''However the great concern of industry is the second case and the potential for an enlarged and empowered OFT to cast its net far and wide looking for any possible behaviour or structure that could be construed as anti competitive.''
It refers to the consumer protection aspects such as super complaints, for example. There was a slight worry that British business would be rather beleaguered as a result of the provisions. As a Committee, it is our job to reassure if possible. It refers to the need for ''some reasonable constraints'' on the OFT to avoid disruption and counter-productive investigations and so on.
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Amendments Nos. 298 and 299 would change ''reasonable grounds for suspecting'' to ''reasonable grounds for believing'' and would insert the word ''significantly'' before
''prevents, restricts or distorts competition''.
In addition to the CBI's worries, there is a genuine concern about the cost to business of such investigations—that they might be extremely expensive and tie up an awful lot of resources, especially management time. The amendments are designed to produce a higher threshold for the provisions.
The CBI points out that in clause 123(1) there is no lower limit to the level of impact. There should be a de minimis provision to ensure that unreasonably counter-productive investigations are not launched because they would tie up businesses' time and lead to costs. That is why the requirement of suspicion is too low and there should be a good reason to believe that something has occurred, which is a somewhat higher test. The insertion of the word ''significantly'' would also tighten things up.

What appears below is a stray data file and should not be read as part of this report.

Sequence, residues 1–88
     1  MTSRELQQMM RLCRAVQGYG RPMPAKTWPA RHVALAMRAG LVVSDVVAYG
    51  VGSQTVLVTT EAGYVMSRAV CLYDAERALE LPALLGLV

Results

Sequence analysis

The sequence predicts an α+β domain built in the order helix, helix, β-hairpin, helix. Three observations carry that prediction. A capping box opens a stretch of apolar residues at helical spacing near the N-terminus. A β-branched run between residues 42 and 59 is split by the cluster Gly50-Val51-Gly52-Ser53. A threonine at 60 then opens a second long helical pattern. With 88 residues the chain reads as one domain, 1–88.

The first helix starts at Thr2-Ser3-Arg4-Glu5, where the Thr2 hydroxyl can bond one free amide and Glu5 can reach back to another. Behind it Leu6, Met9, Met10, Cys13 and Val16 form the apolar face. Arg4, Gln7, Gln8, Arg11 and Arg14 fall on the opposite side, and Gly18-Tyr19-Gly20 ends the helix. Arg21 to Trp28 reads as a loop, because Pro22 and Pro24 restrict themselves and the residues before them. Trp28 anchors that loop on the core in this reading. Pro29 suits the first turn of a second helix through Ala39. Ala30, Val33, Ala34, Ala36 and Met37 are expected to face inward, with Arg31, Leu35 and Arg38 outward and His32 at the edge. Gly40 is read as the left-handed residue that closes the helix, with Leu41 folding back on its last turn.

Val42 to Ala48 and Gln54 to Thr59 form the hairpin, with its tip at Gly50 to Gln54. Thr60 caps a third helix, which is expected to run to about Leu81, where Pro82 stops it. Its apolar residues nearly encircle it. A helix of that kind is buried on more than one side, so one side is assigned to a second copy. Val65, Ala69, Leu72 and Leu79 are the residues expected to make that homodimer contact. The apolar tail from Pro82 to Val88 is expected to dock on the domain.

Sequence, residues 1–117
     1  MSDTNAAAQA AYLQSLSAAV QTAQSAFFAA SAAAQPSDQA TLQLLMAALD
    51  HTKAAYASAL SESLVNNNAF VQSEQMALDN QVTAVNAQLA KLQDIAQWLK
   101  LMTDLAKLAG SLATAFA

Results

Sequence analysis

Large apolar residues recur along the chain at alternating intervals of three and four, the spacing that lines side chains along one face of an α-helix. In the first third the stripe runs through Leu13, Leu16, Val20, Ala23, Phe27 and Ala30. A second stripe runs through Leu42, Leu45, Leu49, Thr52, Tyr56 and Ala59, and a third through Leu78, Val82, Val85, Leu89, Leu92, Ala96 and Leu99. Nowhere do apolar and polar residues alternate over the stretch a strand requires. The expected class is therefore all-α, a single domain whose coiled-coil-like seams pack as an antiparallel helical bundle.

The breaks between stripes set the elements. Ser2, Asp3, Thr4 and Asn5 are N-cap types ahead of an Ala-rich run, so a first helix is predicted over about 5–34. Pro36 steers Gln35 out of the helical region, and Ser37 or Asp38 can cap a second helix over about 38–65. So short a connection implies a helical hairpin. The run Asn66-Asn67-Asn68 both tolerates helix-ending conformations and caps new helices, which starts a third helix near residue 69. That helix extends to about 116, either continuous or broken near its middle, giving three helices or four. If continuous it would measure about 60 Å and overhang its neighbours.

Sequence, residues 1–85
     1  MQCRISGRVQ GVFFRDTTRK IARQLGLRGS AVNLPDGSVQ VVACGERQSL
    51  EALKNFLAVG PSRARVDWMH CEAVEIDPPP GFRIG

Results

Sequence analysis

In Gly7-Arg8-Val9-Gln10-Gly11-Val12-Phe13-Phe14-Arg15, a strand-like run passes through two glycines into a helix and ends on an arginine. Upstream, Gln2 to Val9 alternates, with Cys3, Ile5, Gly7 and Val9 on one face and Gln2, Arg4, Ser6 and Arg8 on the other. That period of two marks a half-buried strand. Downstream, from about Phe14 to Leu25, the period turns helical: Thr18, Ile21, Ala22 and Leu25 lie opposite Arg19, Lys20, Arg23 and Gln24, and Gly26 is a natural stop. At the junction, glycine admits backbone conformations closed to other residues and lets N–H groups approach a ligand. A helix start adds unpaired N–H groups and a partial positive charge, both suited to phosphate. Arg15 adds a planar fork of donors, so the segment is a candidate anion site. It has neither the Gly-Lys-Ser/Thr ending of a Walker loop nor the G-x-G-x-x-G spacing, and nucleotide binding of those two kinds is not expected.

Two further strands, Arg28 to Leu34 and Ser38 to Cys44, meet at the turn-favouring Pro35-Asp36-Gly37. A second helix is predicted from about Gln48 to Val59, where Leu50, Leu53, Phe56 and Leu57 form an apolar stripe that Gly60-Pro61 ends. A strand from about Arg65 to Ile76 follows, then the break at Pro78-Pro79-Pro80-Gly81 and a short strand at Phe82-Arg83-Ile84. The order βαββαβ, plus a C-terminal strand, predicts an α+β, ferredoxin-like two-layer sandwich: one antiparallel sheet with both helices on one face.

I mention the scale monopoly provisions. I think that they are mentioned in the White Paper, although I cannot find the reference—I am sure that the Minister has it at his fingertips. In a debate in the House of Lords on the Competition Bill on 13 November 1997, Lord Simon of Highbury said:
''We also believe that the scale monopoly provisions will continue to have value although we do not intend that their use should be limited with the introduction of the new prohibitions. In future we do not expect references to be made of scale monopolies except in circumstances where there has already been proven abuse under the prohibition and where the DGFT believes that there is a real prospect of future abuses by the same firm.''—[Official Report, House of Lords, 13 November 1997; Vol. 583, c. 300.]
Is that the Government's view on this Bill, or has their view changed since that debate?